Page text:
Sunday, May 11, 2008

50 miles completed!- Dances With Dirt- Gnawbone

Well…this race was bittersweet. I’ll explain that at the end of this post. First I’ll talk about the beginning experience.

This was my first 50 mile race. I wasn’t really nervous because I had confidence I could do it and that I had trained enough for it. I had run 37.5 miles previously. I knew it would be a hard course and I could walk up hills if needed.

Packet pick up was at 5am and the race started at 6:15am. We (Chris and his girl friend, Jamie) got lost a little bit on the way there because it was so foggy and dark. It was 5:30am and we hadn’t arrived yet. I was a little nervous that we would start late and I was trying not to worry about it too much.

Thankfully we made it in time. The t-shirt looks pretty nice and they actually had women’s sizes- which is wonderful.

They told us the aid stations were about 4-6 miles apart. So after a lot of thinking and debating, I ended up planning on wearing my CamelPak for the entire race. I was nervous about that because I normally don’t run with it and when I do, it’s only for about 25 miles and my shoulders usually end up hurting. I figured I could drop it off halfway through if it bugged me too much. Inside my CamelPak I packed extra batteries for my MP3 player, gum, ibuprofen, 2 gus and a pack of blueberry sports beans- my favorite. I think from the whole race, I only thing I used out of all that stuff was the beans. Oh well.

Normally I don’t drink much water on my long runs (like I now know you should) but I’m glad I had that water with me because I did get really thirsty from the hills and such.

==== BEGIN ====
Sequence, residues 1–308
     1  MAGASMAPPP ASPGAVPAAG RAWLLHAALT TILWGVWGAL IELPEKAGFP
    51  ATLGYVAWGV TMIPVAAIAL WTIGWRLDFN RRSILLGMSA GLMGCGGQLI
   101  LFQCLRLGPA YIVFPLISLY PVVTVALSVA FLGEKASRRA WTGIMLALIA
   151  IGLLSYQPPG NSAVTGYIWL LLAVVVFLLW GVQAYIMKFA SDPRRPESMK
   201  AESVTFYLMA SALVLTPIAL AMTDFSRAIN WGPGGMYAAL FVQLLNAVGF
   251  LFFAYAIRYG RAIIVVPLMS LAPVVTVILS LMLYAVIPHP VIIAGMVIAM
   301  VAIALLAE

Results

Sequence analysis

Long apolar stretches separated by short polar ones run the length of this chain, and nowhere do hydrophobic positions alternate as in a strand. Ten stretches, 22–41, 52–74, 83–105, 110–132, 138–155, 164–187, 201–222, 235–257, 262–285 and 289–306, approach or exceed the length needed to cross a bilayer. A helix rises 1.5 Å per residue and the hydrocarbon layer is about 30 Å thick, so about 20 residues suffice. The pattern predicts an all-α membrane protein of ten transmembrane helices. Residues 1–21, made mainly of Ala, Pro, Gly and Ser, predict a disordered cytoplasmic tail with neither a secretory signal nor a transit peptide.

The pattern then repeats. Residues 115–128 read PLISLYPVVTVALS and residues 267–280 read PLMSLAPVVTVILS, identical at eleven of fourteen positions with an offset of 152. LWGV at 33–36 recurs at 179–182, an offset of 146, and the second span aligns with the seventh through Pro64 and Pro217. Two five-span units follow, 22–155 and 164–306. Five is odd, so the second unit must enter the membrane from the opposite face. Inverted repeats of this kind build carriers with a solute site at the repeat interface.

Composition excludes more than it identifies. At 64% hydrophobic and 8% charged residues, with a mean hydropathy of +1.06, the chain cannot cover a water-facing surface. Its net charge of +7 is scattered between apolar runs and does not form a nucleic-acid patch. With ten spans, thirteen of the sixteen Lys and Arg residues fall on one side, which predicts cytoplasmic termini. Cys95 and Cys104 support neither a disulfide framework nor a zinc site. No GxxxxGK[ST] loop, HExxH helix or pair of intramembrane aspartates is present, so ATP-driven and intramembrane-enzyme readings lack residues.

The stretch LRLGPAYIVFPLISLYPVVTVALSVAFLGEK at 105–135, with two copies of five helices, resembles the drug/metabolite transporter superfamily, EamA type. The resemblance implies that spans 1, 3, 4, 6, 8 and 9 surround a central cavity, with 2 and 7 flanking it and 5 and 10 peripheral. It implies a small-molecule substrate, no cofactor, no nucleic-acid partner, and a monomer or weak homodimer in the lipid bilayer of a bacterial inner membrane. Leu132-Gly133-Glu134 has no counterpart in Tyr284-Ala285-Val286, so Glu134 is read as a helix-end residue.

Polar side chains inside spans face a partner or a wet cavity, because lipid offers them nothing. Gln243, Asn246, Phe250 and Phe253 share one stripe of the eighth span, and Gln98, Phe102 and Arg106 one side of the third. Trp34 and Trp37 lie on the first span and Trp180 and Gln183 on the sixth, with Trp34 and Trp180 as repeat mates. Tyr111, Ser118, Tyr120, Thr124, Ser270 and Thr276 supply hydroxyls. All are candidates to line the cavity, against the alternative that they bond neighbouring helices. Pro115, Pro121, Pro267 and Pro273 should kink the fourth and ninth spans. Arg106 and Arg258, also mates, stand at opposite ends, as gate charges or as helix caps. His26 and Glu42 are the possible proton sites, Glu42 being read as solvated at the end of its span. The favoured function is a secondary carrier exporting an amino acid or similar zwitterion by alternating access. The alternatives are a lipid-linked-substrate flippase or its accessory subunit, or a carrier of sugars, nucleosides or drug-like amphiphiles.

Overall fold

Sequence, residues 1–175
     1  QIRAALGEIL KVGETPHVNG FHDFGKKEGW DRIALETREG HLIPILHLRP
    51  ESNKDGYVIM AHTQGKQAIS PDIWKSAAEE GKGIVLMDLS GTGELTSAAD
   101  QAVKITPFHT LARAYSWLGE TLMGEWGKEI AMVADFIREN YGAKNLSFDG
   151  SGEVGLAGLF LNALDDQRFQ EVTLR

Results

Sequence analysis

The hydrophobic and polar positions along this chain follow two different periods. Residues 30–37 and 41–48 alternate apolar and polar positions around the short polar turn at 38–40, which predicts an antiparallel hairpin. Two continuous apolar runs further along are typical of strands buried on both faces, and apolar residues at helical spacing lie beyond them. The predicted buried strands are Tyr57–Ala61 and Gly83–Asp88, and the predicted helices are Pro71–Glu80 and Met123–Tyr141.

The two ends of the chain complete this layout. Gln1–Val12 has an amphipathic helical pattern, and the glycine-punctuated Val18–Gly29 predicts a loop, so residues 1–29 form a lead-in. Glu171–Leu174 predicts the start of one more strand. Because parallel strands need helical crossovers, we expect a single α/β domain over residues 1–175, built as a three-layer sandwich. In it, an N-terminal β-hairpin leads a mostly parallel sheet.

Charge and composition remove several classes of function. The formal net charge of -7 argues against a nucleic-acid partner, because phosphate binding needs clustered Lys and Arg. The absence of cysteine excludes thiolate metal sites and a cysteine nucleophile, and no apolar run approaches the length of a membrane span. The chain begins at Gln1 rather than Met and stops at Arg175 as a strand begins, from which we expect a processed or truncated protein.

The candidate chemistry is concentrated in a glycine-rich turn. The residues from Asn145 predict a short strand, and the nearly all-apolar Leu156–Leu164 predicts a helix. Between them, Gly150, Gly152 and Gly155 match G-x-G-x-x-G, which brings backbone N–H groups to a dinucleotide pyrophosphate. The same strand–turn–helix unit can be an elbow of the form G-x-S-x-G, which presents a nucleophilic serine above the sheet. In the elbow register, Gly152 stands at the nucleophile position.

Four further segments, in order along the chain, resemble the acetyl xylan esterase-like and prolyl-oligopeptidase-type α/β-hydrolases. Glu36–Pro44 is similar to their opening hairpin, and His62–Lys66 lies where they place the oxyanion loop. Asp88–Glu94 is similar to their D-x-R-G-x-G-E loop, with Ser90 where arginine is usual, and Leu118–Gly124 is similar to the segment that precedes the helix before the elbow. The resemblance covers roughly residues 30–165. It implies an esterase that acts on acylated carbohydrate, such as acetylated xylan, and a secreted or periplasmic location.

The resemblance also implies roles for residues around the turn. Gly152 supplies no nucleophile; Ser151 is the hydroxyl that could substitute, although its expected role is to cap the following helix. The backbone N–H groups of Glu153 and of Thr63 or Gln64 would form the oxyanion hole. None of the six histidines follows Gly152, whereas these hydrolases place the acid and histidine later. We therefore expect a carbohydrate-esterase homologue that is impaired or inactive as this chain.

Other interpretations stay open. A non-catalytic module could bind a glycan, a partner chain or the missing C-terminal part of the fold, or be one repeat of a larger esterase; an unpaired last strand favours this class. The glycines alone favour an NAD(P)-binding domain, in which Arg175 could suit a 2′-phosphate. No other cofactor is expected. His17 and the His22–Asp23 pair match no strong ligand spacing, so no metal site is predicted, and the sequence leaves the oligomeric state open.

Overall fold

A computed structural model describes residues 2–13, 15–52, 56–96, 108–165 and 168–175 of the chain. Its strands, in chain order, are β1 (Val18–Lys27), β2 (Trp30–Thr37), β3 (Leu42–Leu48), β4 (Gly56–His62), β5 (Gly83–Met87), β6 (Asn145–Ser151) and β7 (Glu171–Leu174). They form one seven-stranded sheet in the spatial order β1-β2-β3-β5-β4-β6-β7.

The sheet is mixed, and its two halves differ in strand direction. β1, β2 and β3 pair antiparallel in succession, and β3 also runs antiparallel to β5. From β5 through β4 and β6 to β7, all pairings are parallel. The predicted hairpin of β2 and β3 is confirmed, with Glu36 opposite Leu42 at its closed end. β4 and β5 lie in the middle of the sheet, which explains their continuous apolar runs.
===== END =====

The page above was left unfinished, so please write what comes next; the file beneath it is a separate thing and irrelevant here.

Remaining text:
So anyway, I didn’t know how to pace myself since I’ve never run 50 miles before. I thought I should just start out extra slow and then I can always go faster if I need to. There were runners doing a 50K race and a 50 mile race, on the same path. It’s mentally frustrating though when you have a bunch of people passing you. I start to second guess myself and my pace, and just hope those people are doing the shorter distance.

The course is marked with little pink ribbons on the trees and on the ground. I’ve read stories of how people have gotten lost so I was trying really hard to pay attention.

The first 6.5 miles are on one course, then the next 18-19 miles are on another, you repeat that loop again, and then you run back on the same 6.5 miles. The first quarter mile of the race starts up on a huge muddy hill that everyone walks up.

This first 6.5 mile course was not too difficult. It was on a trail and there were small rolling hills, but nothing too big. I was waiting for the huge, hard hills that I kept hearing about. I thankfully did not have a hard time following the pink ribbons on this first section. Chris and a few others did get lost for about an hour, and then Mark and two others got lost for about 3 hours.

I started my first loop of the 18-19 miles. I talked to a few people for a few miles and then I was by myself for the most part. I was feeling GREAT the WHOLE time! I was going fast and passing a lot of people. I kept getting scared that I would burn out my energy too soon, but I didn’t want to slow down since I had a great pace going. My legs didn’t hurt, I hate a lot of gus, and I was listening to some nice music.

There were bigger hills that we all walked up, but you always later went downhill so I didn’t mind it too much. Most of the course was on a trail that was easy to follow. There was one section were you really were just running through trees, logs, bushes and you had to search for the pink ribbons to stay on track. I really enjoyed it because it was just fun jumping over stuff and trying to not get lost. There were all sorts of thorny bushes that cut up my legs, and falling in one of those bushes didn’t help. I’ll have pictures of my battle wounds shortly.